Mood of meditation at Buddhist Temple

By John Curry, EMC News, May 24, 2012

Stittsville, Ontario (Canada) -- Except for the intermittent sounds of traffic passing by on Hazeldean Road filtering into the building and the ticking of a wall clock, silence reigned in Stittsville's Cambodian Buddhist Temple on Thursday evening, May 17 as Bhante Kovida led attendees through meditation exercises.

<< Ven. Rath Sam, left, of the Cambodian Buddhist Temple on Hazeldean Road in Stittsville and Bhante Kovida, right, take part in a meditation session led by Bhante Kovida at the Temple on Thursday evening, May 17.
John Curry, Metroland

One involved moving the hands in a rotational cycle, while touching the body at certain points. These movements and touches enhance a person's awareness of the moment and helps eliminating random thoughts from the mind. In this way, these hand and arm movements are a roadway to a state of meditation.

This exercise was followed by a half hour of controlled breathing, again with an air of silence pervading the Temple. Bhante Kovida urged those present to be aware of the rising and falling of the chest area as they breathed in and then breathed out. He advised that concentrating on breathing helps focus the mind.

He said that patience is important in controlling thoughts. "Being patient with a wandering mind" is how Bhante Kovida put it as he sat cross-legged on a cushion on the floor, leading by example.

The breathing segment of the session ended with the controlled breathing continuing but with the participant moving the head back and forth slowly with the in and out of the breathing. This was followed by moving the head side to side in unison with the breathing.

At 7:55 p.m., almost an hour after the meditation exercises had begun, they were over - the silence was ended as Bhante Kovida then offered some explanations and responded to a number of questions directed his way.

He explained that an untrained mind is susceptible to ignorance and delusion which in turn give birth to self-centred cravings, as well as hatred and ill-will including jealousy and resentment.

However, he continued, a calm mind will give insight.

"The aim of this practice (meditation) is to purify the mind of these defilements or these mental pollutions," Bhante Kovida said, adding that these so-called mental pollutions cause suffering.

The untrained mind is reactive, he said.

"The mind is always going between liking and not liking and wanting and not wanting or aversion," he said, noting that Buddhism believes that if the mind is trained, then the mind will not be so reactive and will remain more peaceful.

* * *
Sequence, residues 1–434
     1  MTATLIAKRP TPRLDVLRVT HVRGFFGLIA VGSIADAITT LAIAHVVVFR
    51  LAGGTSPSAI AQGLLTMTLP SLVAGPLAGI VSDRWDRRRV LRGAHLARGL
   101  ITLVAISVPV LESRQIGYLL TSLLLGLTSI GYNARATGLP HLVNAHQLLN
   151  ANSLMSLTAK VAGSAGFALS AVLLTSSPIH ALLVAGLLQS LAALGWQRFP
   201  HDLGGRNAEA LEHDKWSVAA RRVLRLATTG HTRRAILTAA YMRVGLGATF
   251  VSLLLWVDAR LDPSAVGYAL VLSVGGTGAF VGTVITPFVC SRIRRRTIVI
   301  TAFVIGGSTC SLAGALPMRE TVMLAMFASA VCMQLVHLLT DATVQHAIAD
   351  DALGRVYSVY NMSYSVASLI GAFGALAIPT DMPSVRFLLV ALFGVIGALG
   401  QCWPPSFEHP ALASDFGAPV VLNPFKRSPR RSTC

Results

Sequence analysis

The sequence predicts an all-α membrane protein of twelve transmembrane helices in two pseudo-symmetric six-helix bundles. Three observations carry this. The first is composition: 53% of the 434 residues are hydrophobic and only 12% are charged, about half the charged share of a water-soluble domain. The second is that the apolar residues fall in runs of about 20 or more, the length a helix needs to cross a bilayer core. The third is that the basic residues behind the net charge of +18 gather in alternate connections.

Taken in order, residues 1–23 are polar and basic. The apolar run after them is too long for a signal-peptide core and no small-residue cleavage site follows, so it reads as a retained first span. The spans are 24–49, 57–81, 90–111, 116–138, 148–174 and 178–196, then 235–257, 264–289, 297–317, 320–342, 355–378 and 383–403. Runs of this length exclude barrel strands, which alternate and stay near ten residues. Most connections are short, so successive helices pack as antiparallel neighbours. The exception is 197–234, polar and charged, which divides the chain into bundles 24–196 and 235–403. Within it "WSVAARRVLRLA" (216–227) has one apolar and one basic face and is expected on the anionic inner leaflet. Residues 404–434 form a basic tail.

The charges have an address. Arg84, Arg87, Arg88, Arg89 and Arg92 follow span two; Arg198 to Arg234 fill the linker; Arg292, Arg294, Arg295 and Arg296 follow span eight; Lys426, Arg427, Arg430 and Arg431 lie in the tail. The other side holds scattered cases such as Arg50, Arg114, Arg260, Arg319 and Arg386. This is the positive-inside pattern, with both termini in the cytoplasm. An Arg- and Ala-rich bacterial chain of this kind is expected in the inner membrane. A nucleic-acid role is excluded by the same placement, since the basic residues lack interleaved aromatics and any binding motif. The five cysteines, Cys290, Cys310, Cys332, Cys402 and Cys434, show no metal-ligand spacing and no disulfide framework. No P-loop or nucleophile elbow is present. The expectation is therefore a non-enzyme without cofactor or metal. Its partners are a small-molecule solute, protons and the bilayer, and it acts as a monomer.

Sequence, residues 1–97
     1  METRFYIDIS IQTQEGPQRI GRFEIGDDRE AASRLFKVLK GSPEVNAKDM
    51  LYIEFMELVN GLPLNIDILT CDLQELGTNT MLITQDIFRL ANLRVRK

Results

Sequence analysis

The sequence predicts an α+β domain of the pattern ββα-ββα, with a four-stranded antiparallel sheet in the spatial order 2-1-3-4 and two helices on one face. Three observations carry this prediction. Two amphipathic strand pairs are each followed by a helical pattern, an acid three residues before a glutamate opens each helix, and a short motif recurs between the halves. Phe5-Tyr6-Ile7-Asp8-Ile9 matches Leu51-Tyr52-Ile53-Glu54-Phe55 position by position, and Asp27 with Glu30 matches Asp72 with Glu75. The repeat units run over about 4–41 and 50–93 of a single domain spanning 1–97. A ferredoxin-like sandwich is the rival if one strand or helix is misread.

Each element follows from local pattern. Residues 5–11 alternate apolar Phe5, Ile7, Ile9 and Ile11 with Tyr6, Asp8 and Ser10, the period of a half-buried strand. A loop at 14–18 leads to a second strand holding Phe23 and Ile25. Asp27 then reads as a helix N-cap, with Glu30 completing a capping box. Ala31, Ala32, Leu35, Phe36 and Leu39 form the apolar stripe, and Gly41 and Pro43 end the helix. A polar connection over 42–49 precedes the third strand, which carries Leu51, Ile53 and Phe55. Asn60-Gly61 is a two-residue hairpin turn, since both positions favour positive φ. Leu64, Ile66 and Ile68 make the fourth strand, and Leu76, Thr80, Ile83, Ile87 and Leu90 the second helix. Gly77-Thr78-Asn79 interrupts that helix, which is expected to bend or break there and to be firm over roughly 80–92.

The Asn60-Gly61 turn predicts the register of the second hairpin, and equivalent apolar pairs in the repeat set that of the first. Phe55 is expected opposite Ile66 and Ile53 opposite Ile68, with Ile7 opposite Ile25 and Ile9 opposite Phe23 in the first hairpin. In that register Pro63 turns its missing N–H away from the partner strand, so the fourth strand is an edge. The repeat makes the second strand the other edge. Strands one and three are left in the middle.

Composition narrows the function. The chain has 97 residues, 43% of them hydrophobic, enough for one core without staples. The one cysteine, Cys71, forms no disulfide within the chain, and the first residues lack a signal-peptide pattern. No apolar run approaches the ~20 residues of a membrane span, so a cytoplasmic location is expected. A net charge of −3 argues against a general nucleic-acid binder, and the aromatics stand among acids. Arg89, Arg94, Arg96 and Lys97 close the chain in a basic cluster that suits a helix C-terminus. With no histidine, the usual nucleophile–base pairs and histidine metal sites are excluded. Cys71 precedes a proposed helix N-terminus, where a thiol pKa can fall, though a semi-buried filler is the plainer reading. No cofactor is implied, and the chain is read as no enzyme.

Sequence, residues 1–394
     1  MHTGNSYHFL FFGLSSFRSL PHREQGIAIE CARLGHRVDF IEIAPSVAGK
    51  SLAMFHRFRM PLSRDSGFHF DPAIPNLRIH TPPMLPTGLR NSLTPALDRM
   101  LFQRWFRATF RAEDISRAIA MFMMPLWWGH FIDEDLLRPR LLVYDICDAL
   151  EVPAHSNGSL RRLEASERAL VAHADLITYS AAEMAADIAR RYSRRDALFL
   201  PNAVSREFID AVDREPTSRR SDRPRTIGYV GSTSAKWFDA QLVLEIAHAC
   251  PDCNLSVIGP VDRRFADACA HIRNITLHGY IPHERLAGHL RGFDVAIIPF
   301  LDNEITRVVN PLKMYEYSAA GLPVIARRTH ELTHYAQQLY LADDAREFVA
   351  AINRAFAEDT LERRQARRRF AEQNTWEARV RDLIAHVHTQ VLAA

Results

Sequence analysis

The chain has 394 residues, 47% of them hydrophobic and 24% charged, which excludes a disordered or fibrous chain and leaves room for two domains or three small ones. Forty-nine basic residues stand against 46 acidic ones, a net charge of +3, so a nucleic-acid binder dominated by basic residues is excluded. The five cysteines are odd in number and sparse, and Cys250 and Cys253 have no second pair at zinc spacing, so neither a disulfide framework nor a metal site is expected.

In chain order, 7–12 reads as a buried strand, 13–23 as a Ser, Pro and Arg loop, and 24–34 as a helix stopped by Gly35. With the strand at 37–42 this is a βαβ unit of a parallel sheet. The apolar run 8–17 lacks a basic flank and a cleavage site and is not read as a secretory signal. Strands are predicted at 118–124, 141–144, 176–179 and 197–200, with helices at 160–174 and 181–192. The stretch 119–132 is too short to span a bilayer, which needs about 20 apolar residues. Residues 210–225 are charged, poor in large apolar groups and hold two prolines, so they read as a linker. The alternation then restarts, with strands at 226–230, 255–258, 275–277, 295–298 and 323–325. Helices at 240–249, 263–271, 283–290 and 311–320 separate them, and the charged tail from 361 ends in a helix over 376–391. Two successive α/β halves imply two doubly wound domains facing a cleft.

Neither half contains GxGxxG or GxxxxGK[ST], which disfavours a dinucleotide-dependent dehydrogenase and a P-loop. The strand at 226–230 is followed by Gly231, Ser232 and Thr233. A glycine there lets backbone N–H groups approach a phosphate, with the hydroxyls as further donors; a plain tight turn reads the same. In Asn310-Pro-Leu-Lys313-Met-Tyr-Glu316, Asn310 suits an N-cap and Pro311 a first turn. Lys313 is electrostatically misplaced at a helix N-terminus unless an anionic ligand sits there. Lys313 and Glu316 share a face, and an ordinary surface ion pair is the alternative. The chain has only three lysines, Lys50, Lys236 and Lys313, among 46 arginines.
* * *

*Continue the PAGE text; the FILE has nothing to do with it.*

Bhante Kovida advocates overcoming any conditioning that directs people to reacting to conditions. Instead, he wants people not to react but simply to rationally observe.

"When you see, just see," he says. "When you hear, just hear."

He said that the meditation practices which he advocates are meant to focus the mind. He said that for some people, activities such as running or swimming do this. He says that he is supportive of anything that helps a person bring his or her mind to the present moment, embracing calmness and peace.

He urged those present to be calm and patient when they come upon obstacles in life and not give in to anger or frustration or anxiety. He also advised not to become too attached to the things of the world because eventually everyone has to leave the world in death.

Bhante Kovida, who has been leading meditation sessions at the Cambodian Buddhist Temple on Hazeldean Road in Stittsville, is a skilled teacher of meditation and spirituality meant to help people balance their lives.

He grew up in Jamaica and immigrated to Canada where he obtained a science degree. He then travelled overland from Europe to India and Nepal where he began the study of Indian history and culture, Hatha Yoga and meditation, classical Indian music and Buddhism.

Bhante Kovida has travelled extensively in Southeast Asia including Australia and New Zealand, teaching meditation and some Qi Gong exercises.

He has written two books: "An Inquiring Mind" in 2003 and "The World Is Myself" in 2008. These books are available through

Bhante Kovida emphasizes that the most important goal of spiritual practice is the understanding of ourselves on a deeper level including understanding the nature of the human condition, why there are problems, why there is suffering and how to overcome suffering.

His meditation program is geared to teach essential skills and practices necessary to restore the body and the mind. The impact of stress in daily living can be reduced through mediation.

Bhante Kovida's program includes guided meditation and exercises to promote practical wisdom, mind and body awareness exercises, breathing techniques used to reduce mental and physical tensions and guided relaxation. He believes that these meditation techniques have the capacity, when practiced on a regular basis, to develop an ability to reduce anxiety and tensions.

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